‘Tis the season for Girl Scout cookies, and everyone’s buzzing about a new guide from the folks behind the Vivino wine app, suggesting 12 wines to pair with 12 different types of Girl Scout cookies. Really? We were skeptical, so Gizmodo actually drank wine with Thin Mints and Trefoils. For you.
I adjusted the recipe just a bit, didn’t have chocolate chips but grated some butterfinger bites into it and instead of a microwave used my waffle iron. Let cool a little, and they were prefect (and no waste).
If you have candy canes sitting around after the holidays, you can turn them into a tasty peppermint topping for cookies, ice cream, and even coffee. All you need is a hammer, or better yet, a food processor.
They’re not kidding about the airtight container for storage, folks. I tried this earlier this month when making cookies & thought it would be okay to leave the crushed candy canes in a bowl covered with plastic wrap. Nope! Everything solidified onto the surface of the bowl the next day.
On April 2, 1912, the National Biscuit Company announced to their sales team that they were introducing three “highest class biscuits,” in a grouping they called the “Trio.” Two of the cookies, the Mother Goose Biscuit and Veronese Biscuit, didn’t sell particularly well and quickly disappeared from the shelves. The third, the Oreo Biscuit, did. “Two beautifully embossed chocolate-flavored wafers with a rich cream filling,” the Oreo Biscuit was sold in a yellow tin with a glass cover for approximately 30 cents a pound (about $7.13 today). While it went national in April, it was just a month before that the National Biscuit Company first registered the product with the US Patent and Trademark Office (registration number 0093009). It is commonly stated the given date of registration was March 6th, which is why that is National Oreo Day. However, a simple patent and trademark search reveals that oft-repeated date is incorrect. In fact, it was actually filed on March 14, 1912 and registered on August 12, 1913.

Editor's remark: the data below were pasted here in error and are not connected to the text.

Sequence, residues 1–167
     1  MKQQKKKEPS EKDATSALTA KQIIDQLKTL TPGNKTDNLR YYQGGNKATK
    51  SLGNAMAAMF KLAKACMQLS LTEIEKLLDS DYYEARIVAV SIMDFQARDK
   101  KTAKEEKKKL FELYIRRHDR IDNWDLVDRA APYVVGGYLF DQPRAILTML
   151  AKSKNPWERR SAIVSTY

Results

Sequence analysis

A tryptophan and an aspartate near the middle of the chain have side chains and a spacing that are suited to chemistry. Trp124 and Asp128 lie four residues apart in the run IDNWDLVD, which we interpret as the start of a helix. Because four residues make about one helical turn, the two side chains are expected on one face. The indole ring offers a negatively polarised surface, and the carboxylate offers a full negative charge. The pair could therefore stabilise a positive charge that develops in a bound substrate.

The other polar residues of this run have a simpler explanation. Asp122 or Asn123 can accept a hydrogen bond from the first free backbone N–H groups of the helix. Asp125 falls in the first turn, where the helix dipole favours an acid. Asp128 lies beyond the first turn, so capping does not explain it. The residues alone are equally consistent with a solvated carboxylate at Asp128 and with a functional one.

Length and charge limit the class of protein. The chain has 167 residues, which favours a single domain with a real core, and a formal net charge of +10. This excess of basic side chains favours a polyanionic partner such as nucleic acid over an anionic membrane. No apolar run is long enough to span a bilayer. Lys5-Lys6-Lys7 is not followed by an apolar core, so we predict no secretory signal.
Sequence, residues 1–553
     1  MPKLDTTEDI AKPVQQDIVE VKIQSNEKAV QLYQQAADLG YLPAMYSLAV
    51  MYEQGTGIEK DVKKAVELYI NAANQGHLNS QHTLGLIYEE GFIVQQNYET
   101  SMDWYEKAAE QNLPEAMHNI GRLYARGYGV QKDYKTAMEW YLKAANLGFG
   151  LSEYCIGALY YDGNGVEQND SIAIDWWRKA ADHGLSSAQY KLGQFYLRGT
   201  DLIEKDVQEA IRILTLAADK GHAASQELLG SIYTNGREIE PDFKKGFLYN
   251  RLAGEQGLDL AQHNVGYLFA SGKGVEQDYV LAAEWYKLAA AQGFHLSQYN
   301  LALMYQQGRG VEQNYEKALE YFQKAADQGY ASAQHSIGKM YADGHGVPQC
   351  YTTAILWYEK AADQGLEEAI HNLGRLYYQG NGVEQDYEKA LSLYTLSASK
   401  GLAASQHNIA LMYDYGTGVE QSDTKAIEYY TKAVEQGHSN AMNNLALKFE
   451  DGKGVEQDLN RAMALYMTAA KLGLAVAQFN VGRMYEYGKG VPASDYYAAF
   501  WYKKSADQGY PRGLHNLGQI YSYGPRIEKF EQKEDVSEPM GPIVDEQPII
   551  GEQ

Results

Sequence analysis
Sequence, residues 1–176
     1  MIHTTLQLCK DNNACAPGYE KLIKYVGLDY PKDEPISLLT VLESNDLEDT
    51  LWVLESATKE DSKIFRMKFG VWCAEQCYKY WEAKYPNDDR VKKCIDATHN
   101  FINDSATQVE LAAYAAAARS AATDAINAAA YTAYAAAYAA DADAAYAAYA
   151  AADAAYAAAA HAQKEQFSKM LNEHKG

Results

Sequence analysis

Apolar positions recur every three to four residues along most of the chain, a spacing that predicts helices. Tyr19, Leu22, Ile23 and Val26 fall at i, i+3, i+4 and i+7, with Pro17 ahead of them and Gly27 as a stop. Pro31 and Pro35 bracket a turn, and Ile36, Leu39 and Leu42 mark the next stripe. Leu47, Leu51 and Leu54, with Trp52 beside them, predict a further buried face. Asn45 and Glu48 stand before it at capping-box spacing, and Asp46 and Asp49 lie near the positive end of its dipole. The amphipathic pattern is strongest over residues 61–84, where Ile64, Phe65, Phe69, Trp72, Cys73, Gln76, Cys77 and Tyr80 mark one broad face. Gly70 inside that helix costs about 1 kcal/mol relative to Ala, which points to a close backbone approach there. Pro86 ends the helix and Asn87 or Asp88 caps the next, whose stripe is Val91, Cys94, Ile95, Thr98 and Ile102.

Personally, I’d advise to anyone wanting to try this stuff is to stay away. As a reformed addict, it’s like crack you can spread on croissants.
Yes. Yes, it’s true. All your problems are solved now that this information has come into your life. Cookie butter from any cookie, people! I hope you appreciate the hours I’ve spent with cookies over the last couple of days—all the tasting and sampling of cookie after cookie. It was all for you guys! But seriously, we wanted to bring you a recipe that would work for any cookie. So we searched until we found the perfect base for our cookie butter, and I think we found it!